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      Strategies for Reducing or Preventing the Generation of Oxidative Stress

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      Oxidative Medicine and Cellular Longevity

      Hindawi Publishing Corporation

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          Abstract

          The reduction of oxidative stress could be achieved in three levels: by lowering exposure to environmental pollutants with oxidizing properties, by increasing levels of endogenous and exogenous antioxidants, or by lowering the generation of oxidative stress by stabilizing mitochondrial energy production and efficiency. Endogenous oxidative stress could be influenced in two ways: by prevention of ROS formation or by quenching of ROS with antioxidants. However, the results of epidemiological studies where people were treated with synthetic antioxidants are inconclusive and contradictory. Recent evidence suggests that antioxidant supplements (although highly recommended by the pharmaceutical industry and taken by many individuals) do not offer sufficient protection against oxidative stress, oxidative damage or increase the lifespan. The key to the future success of decreasing oxidative-stress-induced damage should thus be the suppression of oxidative damage without disrupting the wellintegrated antioxidant defense network. Approach to neutralize free radicals with antioxidants should be changed into prevention of free radical formation. Thus, this paper addresses oxidative stress and strategies to reduce it with the focus on nutritional and psychosocial interventions of oxidative stress prevention, that is, methods to stabilize mitochondria structure and energy efficiency, or approaches which would increase endogenous antioxidative protection and repair systems.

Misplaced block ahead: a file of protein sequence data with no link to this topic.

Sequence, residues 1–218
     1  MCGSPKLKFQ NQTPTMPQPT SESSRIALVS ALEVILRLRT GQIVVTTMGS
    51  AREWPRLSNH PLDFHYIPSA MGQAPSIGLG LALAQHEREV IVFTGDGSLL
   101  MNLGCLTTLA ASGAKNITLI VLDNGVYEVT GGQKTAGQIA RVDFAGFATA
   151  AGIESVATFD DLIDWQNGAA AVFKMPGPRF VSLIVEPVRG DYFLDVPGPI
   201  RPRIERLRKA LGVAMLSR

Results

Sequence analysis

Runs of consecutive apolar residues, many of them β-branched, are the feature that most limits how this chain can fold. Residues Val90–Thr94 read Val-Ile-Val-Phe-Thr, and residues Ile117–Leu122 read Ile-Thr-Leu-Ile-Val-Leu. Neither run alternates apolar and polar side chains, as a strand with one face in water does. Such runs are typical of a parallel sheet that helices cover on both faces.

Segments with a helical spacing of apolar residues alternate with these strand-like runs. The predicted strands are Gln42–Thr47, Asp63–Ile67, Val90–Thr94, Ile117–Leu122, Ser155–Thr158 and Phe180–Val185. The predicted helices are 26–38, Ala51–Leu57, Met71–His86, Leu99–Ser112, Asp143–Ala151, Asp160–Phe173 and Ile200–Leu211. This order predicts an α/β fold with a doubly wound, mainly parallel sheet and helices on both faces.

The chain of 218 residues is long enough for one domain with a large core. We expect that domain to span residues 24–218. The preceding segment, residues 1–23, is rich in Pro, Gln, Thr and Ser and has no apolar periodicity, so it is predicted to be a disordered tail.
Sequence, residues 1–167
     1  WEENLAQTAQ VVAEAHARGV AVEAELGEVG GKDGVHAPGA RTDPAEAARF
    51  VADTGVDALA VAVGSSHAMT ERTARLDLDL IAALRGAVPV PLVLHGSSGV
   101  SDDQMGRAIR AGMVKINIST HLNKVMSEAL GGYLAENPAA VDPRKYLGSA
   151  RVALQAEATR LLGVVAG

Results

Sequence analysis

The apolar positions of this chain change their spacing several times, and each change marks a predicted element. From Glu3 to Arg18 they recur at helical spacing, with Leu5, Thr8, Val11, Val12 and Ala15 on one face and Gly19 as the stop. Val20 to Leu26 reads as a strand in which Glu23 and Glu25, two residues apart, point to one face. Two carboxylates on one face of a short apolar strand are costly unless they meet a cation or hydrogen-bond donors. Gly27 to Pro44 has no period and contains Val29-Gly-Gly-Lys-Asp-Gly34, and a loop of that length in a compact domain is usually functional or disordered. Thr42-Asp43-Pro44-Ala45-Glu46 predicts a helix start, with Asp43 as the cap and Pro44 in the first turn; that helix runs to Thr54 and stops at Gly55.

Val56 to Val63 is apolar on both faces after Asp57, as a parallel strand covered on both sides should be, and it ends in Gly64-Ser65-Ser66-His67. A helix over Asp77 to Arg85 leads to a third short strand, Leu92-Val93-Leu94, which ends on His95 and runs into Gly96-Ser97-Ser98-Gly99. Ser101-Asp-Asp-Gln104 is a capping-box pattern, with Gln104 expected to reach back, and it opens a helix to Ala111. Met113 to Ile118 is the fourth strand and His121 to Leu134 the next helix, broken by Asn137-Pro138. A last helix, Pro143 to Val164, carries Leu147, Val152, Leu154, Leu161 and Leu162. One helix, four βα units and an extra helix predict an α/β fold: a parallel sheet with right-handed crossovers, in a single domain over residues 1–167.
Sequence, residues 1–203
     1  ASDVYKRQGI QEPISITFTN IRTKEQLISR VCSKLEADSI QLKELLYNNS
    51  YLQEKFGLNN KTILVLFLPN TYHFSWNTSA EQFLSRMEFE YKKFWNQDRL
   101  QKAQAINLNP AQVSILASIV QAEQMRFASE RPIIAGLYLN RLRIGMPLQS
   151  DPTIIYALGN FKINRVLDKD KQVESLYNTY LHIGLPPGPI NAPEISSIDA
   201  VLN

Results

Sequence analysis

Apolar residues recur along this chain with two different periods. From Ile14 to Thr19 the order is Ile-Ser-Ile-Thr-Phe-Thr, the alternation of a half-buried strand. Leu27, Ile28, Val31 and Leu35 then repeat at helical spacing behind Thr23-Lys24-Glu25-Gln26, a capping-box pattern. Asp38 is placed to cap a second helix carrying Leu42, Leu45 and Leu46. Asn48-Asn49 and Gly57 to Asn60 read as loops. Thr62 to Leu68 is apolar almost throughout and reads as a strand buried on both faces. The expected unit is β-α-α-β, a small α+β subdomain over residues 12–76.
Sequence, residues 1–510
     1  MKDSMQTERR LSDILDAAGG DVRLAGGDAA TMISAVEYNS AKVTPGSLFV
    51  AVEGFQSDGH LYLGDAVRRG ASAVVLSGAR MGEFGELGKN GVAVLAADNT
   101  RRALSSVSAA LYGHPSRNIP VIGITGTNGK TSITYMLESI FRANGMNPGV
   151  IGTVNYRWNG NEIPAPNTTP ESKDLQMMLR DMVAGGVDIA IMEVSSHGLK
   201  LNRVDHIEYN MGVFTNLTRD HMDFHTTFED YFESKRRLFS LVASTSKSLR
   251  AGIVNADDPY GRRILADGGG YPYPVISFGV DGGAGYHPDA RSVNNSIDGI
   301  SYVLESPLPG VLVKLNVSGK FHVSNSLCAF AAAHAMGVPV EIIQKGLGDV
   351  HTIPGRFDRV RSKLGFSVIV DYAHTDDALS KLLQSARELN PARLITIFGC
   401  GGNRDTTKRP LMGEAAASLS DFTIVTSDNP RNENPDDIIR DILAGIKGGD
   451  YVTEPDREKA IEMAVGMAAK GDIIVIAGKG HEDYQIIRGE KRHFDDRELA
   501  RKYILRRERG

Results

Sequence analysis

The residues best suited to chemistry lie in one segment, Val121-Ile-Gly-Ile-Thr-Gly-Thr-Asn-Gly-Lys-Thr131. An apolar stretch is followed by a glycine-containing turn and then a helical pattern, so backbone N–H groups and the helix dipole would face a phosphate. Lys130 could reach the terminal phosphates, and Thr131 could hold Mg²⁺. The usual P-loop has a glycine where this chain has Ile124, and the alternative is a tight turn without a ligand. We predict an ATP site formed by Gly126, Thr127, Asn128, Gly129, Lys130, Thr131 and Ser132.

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          Most cited references 237

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          Oxidants, oxidative stress and the biology of ageing.

           N. Holbrook,  T Finkel (2000)
          Living in an oxygenated environment has required the evolution of effective cellular strategies to detect and detoxify metabolites of molecular oxygen known as reactive oxygen species. Here we review evidence that the appropriate and inappropriate production of oxidants, together with the ability of organisms to respond to oxidative stress, is intricately connected to ageing and life span.
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            Resveratrol improves mitochondrial function and protects against metabolic disease by activating SIRT1 and PGC-1alpha.